Editorial: Court’s decision a subtraction from our rights

Using a cherry-picked history, it limits the rights of women and will extend the reach of poverty.

A pregnant protester is pictured with a message on her shirt in support of abortion rights during a march, Friday in Seattle. The U.S. Supreme Court’s decision to end constitutional protections for abortion has cleared the way for states to impose bans and restrictions on abortion; and will set off a series of legal battles. (Stephen Brashear / Associated Press)

A pregnant protester is pictured with a message on her shirt in support of abortion rights during a march, Friday in Seattle. The U.S. Supreme Court’s decision to end constitutional protections for abortion has cleared the way for states to impose bans and restrictions on abortion; and will set off a series of legal battles. (Stephen Brashear / Associated Press)

By The Herald Editorial Board

There is no getting past the realization that — for the first time in American history — the U.S. Supreme Court has subtracted from the existing rights of citizens, rather than strengthened them.

Justice Samuel Alito’s majority opinion in Dobbs v. Jackson Women’s Health, didn’t merely find for the state of Mississippi and uphold its ban on most abortions after 15 weeks; instead a five-member majority — emboldened for the first time by the addition of three conservative justices nominated by President Donald Trump — used that dominance to utterly strike down nearly 50 years of precedent granted by the court’s decision in Roe v. Wade.

The decision, because it returns the issue to states and a patchwork of laws, means abortion will remain available for those with the finances and ability to travel to other states, including Washington state, where abortion remains legal. But for many others, access to abortion — and related health care — will be far more limited than it is today, with that access restricted; with the miles necessary to travel increasing as “trigger laws” become effective in more states.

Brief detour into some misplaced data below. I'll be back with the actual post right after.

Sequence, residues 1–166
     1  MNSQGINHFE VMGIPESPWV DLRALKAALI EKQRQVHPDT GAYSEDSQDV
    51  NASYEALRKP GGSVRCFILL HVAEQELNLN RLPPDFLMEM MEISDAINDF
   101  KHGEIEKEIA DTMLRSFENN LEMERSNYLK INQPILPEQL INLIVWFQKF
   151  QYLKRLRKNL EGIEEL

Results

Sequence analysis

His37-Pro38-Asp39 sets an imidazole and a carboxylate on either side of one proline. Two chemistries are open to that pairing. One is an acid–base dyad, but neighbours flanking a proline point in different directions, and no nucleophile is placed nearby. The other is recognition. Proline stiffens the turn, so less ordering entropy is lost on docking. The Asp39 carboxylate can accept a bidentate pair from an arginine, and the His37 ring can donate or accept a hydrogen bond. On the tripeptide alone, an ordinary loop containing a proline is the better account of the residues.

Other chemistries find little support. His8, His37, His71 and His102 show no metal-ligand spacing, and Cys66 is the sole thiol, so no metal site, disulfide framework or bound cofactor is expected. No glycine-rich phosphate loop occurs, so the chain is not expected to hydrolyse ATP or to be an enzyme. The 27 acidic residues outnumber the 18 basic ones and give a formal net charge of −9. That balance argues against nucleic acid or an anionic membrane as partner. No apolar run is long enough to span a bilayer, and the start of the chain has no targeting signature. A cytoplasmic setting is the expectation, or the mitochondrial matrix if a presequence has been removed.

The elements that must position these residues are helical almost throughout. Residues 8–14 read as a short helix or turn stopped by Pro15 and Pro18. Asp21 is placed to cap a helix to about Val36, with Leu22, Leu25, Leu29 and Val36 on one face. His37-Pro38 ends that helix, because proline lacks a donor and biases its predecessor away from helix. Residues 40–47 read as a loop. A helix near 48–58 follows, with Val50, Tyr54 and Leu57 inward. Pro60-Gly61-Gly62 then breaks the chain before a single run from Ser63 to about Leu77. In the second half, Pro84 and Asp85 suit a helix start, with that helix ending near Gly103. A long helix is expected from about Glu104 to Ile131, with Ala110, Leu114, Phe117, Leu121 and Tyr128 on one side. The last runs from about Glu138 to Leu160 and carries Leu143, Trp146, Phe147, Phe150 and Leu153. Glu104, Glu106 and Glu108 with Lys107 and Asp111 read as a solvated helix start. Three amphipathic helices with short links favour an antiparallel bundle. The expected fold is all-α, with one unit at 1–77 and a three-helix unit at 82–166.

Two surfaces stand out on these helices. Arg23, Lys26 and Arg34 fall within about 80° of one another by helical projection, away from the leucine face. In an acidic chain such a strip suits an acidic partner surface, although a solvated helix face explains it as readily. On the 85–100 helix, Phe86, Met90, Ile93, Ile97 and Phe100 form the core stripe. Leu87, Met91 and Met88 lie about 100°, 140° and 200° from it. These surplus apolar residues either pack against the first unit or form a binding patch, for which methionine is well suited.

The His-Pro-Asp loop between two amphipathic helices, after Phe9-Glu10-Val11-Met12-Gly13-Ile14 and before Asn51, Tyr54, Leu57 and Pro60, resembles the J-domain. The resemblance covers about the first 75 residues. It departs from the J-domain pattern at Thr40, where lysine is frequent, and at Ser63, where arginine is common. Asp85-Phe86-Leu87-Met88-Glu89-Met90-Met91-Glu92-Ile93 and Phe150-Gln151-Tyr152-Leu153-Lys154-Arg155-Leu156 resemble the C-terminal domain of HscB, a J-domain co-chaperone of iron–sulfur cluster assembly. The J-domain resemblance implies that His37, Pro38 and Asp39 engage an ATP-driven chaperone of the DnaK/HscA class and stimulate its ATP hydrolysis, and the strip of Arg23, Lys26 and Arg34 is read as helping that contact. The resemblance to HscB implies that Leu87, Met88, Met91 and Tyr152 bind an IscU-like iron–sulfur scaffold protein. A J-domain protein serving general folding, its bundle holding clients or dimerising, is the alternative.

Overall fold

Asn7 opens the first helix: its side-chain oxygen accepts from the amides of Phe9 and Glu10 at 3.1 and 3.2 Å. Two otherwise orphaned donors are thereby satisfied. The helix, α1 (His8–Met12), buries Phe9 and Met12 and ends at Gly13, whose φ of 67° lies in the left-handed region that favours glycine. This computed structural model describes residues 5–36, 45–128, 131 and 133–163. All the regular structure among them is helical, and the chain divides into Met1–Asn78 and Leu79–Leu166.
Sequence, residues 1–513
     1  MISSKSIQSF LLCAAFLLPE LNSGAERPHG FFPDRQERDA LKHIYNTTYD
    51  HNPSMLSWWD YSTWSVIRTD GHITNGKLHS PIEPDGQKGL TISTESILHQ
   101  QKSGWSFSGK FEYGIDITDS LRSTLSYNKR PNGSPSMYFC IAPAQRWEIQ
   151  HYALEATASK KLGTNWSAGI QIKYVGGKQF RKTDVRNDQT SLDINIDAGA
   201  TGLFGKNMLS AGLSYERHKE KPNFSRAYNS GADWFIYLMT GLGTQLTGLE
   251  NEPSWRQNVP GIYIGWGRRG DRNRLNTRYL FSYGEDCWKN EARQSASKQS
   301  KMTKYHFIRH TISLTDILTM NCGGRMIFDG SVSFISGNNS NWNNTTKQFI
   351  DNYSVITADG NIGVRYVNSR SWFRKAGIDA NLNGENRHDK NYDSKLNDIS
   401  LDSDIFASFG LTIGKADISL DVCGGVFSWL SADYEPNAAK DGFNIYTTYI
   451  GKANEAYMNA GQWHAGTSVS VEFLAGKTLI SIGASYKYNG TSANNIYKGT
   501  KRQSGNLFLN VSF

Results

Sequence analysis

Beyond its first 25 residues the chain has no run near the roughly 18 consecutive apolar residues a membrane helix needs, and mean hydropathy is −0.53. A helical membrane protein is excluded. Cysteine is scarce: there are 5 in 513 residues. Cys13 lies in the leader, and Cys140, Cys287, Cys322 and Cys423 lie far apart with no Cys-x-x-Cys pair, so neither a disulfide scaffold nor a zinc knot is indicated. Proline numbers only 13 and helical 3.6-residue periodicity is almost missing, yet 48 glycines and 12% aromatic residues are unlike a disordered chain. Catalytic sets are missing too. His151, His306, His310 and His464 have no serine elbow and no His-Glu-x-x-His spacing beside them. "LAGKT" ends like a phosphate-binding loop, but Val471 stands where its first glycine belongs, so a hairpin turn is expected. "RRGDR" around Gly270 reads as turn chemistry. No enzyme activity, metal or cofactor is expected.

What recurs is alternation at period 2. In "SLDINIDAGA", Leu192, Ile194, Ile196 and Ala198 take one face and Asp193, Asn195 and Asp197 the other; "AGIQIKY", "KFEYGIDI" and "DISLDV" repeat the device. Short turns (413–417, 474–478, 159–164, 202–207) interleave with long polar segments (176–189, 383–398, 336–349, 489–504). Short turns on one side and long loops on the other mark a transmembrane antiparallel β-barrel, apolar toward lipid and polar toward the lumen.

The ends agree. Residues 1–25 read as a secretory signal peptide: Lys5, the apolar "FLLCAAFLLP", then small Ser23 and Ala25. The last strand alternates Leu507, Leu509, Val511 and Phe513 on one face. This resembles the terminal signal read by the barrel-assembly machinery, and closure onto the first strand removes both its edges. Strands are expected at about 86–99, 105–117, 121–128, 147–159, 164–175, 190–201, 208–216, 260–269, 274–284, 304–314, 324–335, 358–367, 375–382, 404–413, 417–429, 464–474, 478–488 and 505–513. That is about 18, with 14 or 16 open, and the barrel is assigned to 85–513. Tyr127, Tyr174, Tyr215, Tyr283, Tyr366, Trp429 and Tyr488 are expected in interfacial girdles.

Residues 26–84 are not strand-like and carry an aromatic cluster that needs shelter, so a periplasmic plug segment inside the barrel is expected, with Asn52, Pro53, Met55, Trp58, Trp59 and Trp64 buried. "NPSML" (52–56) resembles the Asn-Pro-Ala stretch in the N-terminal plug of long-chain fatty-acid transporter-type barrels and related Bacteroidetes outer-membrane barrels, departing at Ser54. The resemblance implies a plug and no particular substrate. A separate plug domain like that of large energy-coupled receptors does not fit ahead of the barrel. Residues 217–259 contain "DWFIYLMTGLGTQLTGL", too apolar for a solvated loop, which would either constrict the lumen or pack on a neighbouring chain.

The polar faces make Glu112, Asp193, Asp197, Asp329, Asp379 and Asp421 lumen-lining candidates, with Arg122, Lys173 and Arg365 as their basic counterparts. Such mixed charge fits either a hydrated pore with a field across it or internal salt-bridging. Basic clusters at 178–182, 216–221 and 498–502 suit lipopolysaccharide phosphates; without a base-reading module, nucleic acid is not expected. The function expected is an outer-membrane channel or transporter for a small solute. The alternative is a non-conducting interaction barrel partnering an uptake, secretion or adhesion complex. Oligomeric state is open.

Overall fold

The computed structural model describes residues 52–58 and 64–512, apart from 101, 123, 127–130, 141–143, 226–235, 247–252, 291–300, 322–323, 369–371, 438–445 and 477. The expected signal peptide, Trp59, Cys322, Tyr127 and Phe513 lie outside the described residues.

The result will be an escalation in financial inequalities for American women and families; forcing more into poverty and even graver consequences because of poor access to health care.

As it it did a day before in its decision regarding firearms regulation, the Supreme Court’s majority relies on a cherry-picked history that allows it to defend its decision as high-minded “originalism,” purportedly heeding only the original text of the Constitution and the “history and traditions” of the laws of long-past eras. But Alito, in his opinion, according to numerous legal scholars, ignores the hands-off approach that laws and public opinion took regarding abortion prior to that of 19th-century lawmakers who sought to use prohibitions against abortion as a way to lock women into there roles in the home and keep them out of politics and business.

Patricia Cline Cohen, a emerita professor of history at University of California, Santa Barbara noted last week in a Washington Post guest commentary: “Before states began criminalizing abortion in the 19th century, and even after, respectable doctors and midwives performed abortions, with the practice usually only visible to the public when a patient died. Juries were tolerant, penalties were low and successful patients — whether hiding shame or spacing pregnancies — availed themselves of these procedures.”

Where the Supreme Court in 1973 found that the provisions of the 14th Amendment — ratified in 1868 — of due process and privacy protected a woman’s right to choose whether to continue or end a pregnancy, Alito and four fellow justices could find no express provision in the Constitution or its amendments for abortion; or rather, chose not to see one in the precedent that was set by a 7-2 majority nearly 50 years previous.

A judge selectively using the historical and legal record can easily disguise judicial activism as constraint, writes Reva Siegel, a professor at Yale Law School, in a separate Post commentary.